As senior leaders and managers with all our big thoughts and strategies (!), as we design change it is so easy to forget the human angle. What I’m trying to say is that it is really easy to forget how hard we personally, as individuals find change. Just look at all those intentions to exercise more, talk to our families more often or learn a language! I find it helpful to keep thinking what really helps me to change how I work, how I think, how I prioritise? Change isn’t just about process maps and data, good change takes into account individual feelings and experience and hard facts and a long hard look at the nitty-gritty.
Many things come together to make change a success, but in particular successful interventions take into account the experience, thoughts and suggestions from different parts of the organisation and a shared understanding and agreement on the facts of the situation, then the solutions. I work closely with leaders to make sure we are keeping the human aspects of change close to our thinking as we scope, design, plan, decide, experiment and implement.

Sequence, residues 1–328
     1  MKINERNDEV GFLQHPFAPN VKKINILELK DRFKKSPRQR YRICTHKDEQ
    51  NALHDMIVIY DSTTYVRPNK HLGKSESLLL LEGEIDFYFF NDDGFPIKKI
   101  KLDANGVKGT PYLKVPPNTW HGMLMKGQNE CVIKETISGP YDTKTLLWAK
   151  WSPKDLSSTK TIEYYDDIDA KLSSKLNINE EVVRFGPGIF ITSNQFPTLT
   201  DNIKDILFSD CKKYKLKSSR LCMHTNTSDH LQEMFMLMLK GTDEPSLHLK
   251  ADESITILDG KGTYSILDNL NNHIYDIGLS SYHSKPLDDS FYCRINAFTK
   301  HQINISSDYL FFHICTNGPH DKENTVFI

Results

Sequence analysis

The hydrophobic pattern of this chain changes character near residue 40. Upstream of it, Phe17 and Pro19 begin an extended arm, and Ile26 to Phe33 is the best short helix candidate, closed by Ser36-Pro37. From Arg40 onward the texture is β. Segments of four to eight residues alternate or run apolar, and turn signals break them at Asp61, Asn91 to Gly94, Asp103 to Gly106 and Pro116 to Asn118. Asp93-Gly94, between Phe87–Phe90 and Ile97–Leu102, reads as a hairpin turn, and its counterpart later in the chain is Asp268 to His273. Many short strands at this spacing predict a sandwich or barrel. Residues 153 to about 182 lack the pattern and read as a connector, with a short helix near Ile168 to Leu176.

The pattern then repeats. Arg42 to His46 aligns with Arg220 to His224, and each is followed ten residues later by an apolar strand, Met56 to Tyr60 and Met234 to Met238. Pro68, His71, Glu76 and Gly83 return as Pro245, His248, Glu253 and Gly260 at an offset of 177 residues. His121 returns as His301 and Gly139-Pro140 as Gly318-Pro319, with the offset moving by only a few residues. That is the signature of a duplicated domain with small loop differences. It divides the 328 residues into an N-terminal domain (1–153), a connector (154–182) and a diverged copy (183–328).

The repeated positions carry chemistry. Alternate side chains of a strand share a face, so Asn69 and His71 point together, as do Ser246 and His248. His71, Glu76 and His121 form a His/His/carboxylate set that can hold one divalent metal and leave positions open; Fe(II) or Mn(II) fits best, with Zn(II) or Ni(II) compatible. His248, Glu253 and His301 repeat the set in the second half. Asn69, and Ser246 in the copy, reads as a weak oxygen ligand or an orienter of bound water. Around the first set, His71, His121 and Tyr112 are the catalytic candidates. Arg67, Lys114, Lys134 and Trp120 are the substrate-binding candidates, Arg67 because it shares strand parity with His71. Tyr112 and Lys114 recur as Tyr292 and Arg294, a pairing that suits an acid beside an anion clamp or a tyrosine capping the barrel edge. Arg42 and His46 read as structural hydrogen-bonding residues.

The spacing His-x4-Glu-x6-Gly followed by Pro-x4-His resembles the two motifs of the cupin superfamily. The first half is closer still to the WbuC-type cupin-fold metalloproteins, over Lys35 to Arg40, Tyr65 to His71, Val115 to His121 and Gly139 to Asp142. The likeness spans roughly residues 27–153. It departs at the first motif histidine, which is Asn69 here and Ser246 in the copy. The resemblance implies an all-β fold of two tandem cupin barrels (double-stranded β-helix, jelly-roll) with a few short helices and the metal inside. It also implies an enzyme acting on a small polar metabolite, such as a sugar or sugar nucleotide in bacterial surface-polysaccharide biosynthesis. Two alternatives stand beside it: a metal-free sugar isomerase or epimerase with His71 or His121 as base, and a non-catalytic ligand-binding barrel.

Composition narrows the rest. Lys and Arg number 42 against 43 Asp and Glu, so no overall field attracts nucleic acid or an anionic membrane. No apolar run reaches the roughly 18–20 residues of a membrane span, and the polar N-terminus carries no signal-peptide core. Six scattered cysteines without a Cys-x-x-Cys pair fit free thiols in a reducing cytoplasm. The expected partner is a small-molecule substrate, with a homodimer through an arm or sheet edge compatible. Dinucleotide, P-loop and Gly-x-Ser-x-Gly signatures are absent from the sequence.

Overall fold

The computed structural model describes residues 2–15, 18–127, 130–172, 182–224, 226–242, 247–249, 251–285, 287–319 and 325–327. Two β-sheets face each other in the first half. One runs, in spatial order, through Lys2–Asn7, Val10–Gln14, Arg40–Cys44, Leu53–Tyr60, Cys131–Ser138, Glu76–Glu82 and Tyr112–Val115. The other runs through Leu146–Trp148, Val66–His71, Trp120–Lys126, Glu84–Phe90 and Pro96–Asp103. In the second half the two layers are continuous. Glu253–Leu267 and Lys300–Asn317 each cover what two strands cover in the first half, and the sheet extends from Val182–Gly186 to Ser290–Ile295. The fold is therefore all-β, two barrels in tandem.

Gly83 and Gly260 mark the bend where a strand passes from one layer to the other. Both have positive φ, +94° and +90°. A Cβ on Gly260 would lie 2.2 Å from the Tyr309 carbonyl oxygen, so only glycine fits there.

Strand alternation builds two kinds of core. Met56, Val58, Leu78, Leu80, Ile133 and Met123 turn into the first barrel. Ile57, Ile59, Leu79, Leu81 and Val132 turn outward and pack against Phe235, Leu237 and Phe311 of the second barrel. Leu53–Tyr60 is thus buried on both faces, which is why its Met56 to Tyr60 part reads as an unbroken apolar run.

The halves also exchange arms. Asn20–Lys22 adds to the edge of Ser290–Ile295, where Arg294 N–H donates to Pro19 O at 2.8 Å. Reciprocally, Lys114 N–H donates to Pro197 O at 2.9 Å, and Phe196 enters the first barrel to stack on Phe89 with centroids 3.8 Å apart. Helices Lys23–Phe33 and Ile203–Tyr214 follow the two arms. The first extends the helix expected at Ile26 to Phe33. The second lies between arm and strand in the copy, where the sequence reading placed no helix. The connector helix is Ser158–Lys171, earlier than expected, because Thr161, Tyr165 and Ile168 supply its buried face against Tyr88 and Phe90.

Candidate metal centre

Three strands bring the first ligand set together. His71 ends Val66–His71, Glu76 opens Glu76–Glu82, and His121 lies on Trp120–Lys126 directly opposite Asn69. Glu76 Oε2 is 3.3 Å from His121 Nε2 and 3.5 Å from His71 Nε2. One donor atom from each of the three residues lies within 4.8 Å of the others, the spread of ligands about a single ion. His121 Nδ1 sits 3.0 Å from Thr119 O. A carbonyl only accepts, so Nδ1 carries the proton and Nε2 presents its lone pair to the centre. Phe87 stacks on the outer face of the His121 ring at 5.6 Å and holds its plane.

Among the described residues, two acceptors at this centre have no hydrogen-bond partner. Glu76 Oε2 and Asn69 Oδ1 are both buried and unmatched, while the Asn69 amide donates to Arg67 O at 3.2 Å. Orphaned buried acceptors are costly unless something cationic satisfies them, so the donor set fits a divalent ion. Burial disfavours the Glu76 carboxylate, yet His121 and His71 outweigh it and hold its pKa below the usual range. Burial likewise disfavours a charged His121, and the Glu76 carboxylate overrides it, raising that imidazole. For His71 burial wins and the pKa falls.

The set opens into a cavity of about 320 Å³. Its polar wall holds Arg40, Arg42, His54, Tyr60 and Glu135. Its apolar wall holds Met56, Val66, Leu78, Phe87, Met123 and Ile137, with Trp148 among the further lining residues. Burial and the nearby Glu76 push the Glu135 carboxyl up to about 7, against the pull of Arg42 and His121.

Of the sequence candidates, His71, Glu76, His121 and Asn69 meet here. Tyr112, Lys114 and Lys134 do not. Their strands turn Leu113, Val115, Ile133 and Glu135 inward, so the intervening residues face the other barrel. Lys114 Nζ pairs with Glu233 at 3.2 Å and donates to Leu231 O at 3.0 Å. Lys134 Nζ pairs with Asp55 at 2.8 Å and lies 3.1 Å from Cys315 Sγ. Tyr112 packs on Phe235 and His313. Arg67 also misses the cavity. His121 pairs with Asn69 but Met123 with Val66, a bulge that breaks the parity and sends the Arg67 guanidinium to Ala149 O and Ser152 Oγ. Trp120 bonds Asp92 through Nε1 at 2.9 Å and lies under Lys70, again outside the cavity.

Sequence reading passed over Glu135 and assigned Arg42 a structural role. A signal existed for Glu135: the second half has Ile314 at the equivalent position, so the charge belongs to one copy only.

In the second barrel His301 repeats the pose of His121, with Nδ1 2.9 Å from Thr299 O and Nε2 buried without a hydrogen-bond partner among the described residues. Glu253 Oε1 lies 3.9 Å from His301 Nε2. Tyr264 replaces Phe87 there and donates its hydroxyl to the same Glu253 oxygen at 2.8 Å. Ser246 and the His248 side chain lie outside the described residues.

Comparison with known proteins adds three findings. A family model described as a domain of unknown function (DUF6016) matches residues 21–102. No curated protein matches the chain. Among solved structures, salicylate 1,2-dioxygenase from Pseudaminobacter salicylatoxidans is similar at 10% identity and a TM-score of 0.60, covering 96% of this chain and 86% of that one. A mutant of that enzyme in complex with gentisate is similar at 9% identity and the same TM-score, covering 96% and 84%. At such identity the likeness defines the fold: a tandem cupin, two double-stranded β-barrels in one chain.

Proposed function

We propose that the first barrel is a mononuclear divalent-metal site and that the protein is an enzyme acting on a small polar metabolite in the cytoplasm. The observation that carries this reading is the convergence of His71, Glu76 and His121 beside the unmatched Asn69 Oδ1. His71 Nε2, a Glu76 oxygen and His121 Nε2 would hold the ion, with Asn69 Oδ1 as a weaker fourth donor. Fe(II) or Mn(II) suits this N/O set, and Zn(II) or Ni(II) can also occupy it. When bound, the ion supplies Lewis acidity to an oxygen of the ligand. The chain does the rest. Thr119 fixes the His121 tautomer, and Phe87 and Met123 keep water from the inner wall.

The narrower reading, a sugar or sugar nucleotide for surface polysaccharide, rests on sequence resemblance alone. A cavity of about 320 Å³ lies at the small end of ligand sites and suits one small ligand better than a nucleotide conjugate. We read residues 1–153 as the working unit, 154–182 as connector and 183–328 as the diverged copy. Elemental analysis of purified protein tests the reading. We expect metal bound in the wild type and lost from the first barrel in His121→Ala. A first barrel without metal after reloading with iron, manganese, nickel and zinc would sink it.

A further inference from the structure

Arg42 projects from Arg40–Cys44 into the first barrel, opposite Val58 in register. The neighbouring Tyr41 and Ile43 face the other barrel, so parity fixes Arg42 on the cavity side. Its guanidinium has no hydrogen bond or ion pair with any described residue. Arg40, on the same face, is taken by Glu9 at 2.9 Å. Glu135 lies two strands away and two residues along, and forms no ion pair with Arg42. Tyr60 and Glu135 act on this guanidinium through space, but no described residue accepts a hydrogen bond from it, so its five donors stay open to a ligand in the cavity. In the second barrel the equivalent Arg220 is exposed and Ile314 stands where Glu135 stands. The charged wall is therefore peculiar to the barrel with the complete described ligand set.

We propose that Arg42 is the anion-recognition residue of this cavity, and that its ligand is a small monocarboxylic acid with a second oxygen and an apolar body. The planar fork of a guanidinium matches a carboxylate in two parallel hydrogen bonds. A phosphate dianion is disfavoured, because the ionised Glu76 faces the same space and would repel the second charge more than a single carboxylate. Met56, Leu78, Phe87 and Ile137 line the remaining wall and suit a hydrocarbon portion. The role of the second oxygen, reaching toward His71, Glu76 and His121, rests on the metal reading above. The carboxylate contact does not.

We also need to remember that times of change and transition are scary for almost everyone and what isn’t daunting today could well be tomorrow. It is important that we talk about this and celebrate each of the steps towards the change – no matter who makes them. Good newsletters and communications are helpful, but we need to go well beyond that. I mentor or coach managers to think about how they can best support their teams through the change rather than just keeping their fingers crossed for success. Many things can help people adapt to the new way of working such as acknowledgement that personally change is hard, just in time training designed to help people do their jobs rather than sheep dipping everyone in the same bland session; rapid feedback and praise. But one of the most high impact methods is having leaders and managers out floor walking during the first few days/weeks of the change, talking to individuals and teams about what is working and importantly, what isn’t working – catch your own people in the experience and act of changing and help them thrive.